Connie Groom – Gymnastics – Ottawa – 31 years
“…With many years of coaching and being exposed in 6 Provinces and 1 territory, I have experienced small to large organizations. The saying If I only knew then what I know now, so true. Don’t go it alone, if you need help ask. When you are asked to help make sure you are not putting yourself in a position where you will burn out. Passion needs to be with you as days are long, coaching as we all understand can be tough. The gains of helping our athletes reach their goals should be a priority and everything else will get done eventually. Refer to professionals where the need is and keep your knowledge-based within your level of knowledge. It’s okay to say ” let me get back to you on that” Overall take things 1 day at a time, try to keep work at work, and home at home. Set goals for yourself as a coach, today, the week, the month and stick to it. The best is to make sure you schedule within a week ” me time” and of course if you are in a relationship you need to schedule ” date night”
David Gentry – Basketball – Ottawa – 25 years
“…Back in the day, of my 25 years of coaching, managing a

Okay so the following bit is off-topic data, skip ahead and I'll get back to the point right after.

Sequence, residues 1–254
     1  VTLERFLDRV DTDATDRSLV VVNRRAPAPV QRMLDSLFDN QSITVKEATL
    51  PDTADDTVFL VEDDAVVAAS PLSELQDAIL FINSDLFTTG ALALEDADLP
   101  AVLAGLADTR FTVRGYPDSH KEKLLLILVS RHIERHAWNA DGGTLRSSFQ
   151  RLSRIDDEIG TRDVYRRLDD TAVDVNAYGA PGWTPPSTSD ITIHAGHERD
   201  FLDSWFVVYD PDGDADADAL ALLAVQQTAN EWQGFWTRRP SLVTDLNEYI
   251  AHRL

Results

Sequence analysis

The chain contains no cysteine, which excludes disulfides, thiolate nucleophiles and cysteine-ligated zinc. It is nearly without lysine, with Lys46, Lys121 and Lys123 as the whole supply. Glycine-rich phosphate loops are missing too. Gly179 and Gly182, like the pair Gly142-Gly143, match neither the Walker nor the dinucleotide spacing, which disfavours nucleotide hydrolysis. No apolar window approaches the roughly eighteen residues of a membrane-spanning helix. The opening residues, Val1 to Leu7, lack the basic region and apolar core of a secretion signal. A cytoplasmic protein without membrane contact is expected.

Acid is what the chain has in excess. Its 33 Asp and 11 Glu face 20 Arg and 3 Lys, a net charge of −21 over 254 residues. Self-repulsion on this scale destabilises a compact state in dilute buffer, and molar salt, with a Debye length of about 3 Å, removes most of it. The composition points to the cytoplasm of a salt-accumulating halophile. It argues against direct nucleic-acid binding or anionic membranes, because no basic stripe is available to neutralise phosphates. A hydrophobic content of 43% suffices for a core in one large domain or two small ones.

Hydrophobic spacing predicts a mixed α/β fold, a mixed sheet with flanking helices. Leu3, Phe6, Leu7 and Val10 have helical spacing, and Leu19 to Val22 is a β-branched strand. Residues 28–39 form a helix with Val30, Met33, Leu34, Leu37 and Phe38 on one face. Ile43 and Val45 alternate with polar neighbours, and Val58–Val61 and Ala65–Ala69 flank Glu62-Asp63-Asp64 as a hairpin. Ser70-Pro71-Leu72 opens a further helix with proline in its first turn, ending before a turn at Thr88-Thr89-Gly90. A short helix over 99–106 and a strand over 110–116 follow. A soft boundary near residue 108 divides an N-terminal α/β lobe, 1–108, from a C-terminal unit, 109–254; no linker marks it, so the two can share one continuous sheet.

small basketball club, It was up to me and me alone to not only coach but
manage all aspects of the club. Registration, signs ups, competitions,
scheduling, etc. We didn’t have the fancy things that exist today. Fast forward
25 years and now we have a club administrator and the opportunity to use
technology like scheduling, league management, even emailing all from one
single app. The only thing I would change is I wish it all had come sooner in
my coaching career!”
Lisa Loney – Gymnastics – Waterloo – 10 years
“…There should be a coaching course on how to find and use the best technology. There is a lot out there and some coaches don’t know they exist! I can’t see how any club or team runs without the use of some scheduler like TeamSnap or video software like coaches’ eye or dartfish. It often takes just the chance to see something in action and I would welcome the opportunities to see and hear more about what exists.”
Michael Weiss – Alpine Ski Racing – Ottawa/Gatineau – 49 years
“Perform the roles or functions that are your strengths, delegate tasks that distract you from achieving your priority of the day or week or season. Arm yourself with the best team that supports what you cannot attend to as effectively these might be capable of doing. Trust your team!”
Stephanie Knill – Soccer – Brampton – 1 year
“… I just starting coaching my son’s soccer team this
summer. This is the first time I have ever coached and I found that it took
much more than I thought it would. I thought I would just come to each session
and basically supervise since they were U05. Boy was I wrong. I became a
coordinator, communicator, supporter and role model for some awesome young